A brief perusal of events in 1958 signifies how the world has evolved over the last half-a-century. Sergei Khrushchev and Charles de Gaulle assumed the premierships of their respective nations; the USS Nautilus became the first vessel to cross the North Pole submerged; the UK witnessed the installation of its first parking metres; and The Bridge on the River Kwai won the Academy Award for Best Picture.
Yesterday evening, however, the Proms organisers transcended the last fifty years by reincarnating a magnificent programme – originally given on 3 September, 1958 by Basil Cameron's London Philharmonic Orchestra – that consisted of Mendelssohn's Ruy Blas overture and 'Italian' Symphony, and Brahms' Second Piano Concerto and Second Symphony.
Making their first Proms reappearance after a triumphant display on Opening Night, Jiři Bĕlohlávek and the BBC Symphony Orchestra began procedures with a rousing account of Mendelssohn's last overture (Op. 95), the solemn, intermittent brass fanfares elegantly offsetting the otherwise nervous energy that the piece exudes. Some lovely touches were to be heard here, most notably the expansive 'cello, clarinet and bassoon melody in which the strings began as the dominant force before allowing the woodwind into the foreground.
Mendelssohn's ebullient Fourth Symphony in A major, Op. 83 was no less successful, characterised throughout by woodwind playing of an extraordinary calibre, from the sincerity of their countermelodies in the melancholic Andante con moto to their perkiness in the brisk opening chords of the first movement. The strings struggled to match this captivatingly taut rhythmic impetus at first, though they quickly cottoned on and produced some particularly fine playing in the final Saltorello. Here, the intrepid rapidity set by Bĕlohlávek occasionally threatened to spill over without ever actually doing so, something that served to enhance the vibrant fervour of the work. The diminutive brass section also played its role to perfection, with especially charming contributions in the third-movement Con moto moderato.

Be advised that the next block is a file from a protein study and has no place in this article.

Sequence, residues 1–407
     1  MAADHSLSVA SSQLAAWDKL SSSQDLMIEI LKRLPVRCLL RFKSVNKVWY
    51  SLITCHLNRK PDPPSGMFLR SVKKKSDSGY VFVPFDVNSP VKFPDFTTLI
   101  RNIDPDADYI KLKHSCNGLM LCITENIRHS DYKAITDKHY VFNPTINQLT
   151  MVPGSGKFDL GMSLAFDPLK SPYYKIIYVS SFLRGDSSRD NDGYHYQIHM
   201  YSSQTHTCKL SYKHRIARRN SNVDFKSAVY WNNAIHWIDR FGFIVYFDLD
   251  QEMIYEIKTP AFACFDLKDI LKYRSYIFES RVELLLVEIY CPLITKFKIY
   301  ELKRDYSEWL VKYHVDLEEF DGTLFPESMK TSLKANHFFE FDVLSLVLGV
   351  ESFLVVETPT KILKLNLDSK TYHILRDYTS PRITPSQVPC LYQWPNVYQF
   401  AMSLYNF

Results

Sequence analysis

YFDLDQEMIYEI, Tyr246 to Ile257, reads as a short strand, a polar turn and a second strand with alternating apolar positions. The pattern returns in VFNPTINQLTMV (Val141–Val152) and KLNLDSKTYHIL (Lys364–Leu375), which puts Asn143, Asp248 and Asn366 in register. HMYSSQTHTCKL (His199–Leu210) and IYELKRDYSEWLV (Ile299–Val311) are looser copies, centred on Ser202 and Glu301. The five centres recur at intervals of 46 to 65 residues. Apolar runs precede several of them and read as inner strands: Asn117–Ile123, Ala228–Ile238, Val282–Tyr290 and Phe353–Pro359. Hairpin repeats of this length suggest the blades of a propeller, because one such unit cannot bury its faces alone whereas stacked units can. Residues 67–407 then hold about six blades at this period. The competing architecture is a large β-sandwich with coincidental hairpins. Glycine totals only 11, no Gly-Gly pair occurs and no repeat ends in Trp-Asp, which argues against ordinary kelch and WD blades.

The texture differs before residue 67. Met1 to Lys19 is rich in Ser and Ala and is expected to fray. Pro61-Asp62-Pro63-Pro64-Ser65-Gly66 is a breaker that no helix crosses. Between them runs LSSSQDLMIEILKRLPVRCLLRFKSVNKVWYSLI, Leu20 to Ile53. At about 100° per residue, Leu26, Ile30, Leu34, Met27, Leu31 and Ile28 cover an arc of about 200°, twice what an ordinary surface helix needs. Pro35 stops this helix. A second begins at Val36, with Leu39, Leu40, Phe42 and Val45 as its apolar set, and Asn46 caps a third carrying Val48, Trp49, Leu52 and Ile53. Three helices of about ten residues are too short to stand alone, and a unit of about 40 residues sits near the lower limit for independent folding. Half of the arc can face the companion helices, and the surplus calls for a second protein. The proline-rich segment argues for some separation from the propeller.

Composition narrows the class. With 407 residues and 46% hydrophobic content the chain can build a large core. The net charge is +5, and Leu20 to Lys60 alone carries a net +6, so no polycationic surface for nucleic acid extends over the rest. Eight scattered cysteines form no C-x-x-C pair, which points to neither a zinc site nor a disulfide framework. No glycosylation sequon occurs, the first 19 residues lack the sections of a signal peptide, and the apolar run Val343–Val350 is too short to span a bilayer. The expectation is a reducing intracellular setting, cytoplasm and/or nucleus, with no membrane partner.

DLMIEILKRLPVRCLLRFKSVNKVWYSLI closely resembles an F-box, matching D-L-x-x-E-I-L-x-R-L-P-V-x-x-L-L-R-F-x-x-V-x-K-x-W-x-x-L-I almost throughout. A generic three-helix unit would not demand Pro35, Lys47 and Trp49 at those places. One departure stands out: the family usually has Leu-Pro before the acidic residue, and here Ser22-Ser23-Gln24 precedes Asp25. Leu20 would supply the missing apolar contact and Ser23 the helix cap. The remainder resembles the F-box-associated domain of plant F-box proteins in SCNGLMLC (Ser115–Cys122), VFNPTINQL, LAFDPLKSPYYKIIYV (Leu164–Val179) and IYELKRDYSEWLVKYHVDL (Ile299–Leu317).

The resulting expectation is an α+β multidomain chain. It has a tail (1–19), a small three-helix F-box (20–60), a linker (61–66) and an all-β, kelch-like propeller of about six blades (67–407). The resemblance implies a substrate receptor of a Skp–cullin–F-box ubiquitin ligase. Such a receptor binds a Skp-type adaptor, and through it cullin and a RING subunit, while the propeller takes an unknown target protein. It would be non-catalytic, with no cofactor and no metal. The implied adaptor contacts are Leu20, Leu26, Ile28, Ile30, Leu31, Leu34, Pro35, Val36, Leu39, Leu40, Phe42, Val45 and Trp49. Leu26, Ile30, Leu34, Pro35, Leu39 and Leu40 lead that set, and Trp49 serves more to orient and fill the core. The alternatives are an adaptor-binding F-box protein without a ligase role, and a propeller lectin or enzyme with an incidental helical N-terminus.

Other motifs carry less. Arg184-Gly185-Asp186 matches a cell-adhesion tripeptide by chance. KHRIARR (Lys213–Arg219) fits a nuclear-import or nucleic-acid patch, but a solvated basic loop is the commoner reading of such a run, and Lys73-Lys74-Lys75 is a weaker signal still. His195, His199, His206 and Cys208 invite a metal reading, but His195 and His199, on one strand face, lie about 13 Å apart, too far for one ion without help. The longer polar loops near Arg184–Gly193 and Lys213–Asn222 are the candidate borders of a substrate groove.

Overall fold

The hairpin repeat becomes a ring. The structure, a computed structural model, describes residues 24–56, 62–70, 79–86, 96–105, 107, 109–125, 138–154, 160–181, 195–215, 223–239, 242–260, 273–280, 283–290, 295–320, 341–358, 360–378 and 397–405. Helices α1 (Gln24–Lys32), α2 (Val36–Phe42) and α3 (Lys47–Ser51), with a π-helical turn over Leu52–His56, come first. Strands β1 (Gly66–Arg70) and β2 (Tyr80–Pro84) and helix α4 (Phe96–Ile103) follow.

Whereas Cameron and the LPO in 1958 had to manage without the luxury of an intermission before Brahms' epic Piano Concerto No. 2 in B-flat major, Op. 83, on this occasion an interval facilitated the logistical nuisance of rearranging a symphony orchestra around a concert grand. German pianist Lars Vogt was the soloist, delivering a performance that favoured poeticism over blazoning virtuosity (though this should by no means be read as a criticism of his assured and riveting technique). Though the opening movement didn't wholly convince, the ensuing Allegro appassionato was outstanding, with suitably ardent orchestral playing and Vogt's beautifully sustained cantabile in the Trio section. The latter was also apparent in his duet with BBCSO principal cellist Susan Monks in the Andante, whilst both pianistic and orchestral dexterity was on vivid display in the finale. Bĕlohlávek's direction was exemplary, conveying superb unity with Vogt and achieving seamless, near-otherworldly returns to the principal themes of both the first and third movements.
A second interval saw the piano make its exit in readiness for Brahms' D-major Symphony, Op. 73. Conducting from memory, Bĕlohlávek generated a wonderfully balanced performance, allowing for moments of reflection without letting the music become too pensive. There was never a hint of wallowing in the tempo of the first movement, which came across as a single, lucid stroke of the composer's pen (marred on one or two occasions by some oddly unattractive sounds emanating from one of the horns). The central Adagio non troppo and Allegretto grazioso embodied the descriptive elements of these performance directions in every respect, the woodwind reminding us in the latter of their vivacious acrobatics in the Mendelssohn symphony. Barely containable pent up energy gave way to a breathtaking burst of exuberance in the closing Allegro con spirito, with luminous brilliance from the brass bringing the work and the concert to a resounding conclusion.
In this rich vein of form, I for one am eagerly anticipating this conductor's performance of Verdi's Requiem at the end of August. Perhaps it is appropriate, however, to conclude by paying a final tribute to Basil Cameron and his LPO. After their one-interval performance of this mammoth programme in 1958 they returned the following night for a concert that included nothing less than a Handel overture (arranged by Elgar), extracts from Berlioz's The Trojans, Rachmaninov's Fourth Piano Concerto, Franck's D minor Symphony, Rubbra's Soliloquy and Ravel's Boléro. Quite a display of fortitude, by any standards!
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